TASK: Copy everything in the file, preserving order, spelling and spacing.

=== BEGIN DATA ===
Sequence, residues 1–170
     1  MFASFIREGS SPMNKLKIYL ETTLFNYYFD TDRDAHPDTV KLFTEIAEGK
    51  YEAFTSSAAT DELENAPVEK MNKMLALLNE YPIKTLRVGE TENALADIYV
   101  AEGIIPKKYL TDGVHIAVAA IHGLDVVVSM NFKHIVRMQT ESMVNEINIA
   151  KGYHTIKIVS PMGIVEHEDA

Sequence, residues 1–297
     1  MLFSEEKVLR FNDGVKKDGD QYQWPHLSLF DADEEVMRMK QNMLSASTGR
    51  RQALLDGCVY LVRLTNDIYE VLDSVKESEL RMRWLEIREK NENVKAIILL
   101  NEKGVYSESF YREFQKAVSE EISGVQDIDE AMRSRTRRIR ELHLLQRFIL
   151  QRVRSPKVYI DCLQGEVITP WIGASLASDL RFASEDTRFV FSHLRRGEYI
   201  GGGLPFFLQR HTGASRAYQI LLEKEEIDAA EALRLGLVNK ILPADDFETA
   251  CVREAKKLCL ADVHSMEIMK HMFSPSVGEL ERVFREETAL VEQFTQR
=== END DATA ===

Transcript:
Sequence, residues 1–170
     1  MFASFIREGS SPMNKLKIYL ETTLFNYYFD TDRDAHPDTV KLFTEIAEGK
    51  YEAFTSSAAT DELENAPVEK MNKMLALLNE YPIKTLRVGE TENALADIYV
   101  AEGIIPKKYL TDGVHIAVAA IHGLDVVVSM NFKHIVRMQT ESMVNEINIA
   151  KGYHTIKIVS PMGIVEHEDA

Sequence, residues 1–297
     1  MLFSEEKVLR FNDGVKKDGD QYQWPHLSLF DADEEVMRMK QNMLSASTGR
    51  RQALLDGCVY LVRLTNDIYE VLDSVKESEL RMRWLEIREK NENVKAIILL
   101  NEKGVYSESF YREFQKAVSE EISGVQDIDE AMRSRTRRIR ELHLLQRFIL
   151  QRVRSPKVYI DCLQGEVITP WIGASLASDL RFASEDTRFV FSHLRRGEYI
   201  GGGLPFFLQR HTGASRAYQI LLEKEEIDAA EALRLGLVNK ILPADDFETA
   251  CVREAKKLCL ADVHSMEIMK HMFSPSVGEL ERVFREETAL VEQFTQR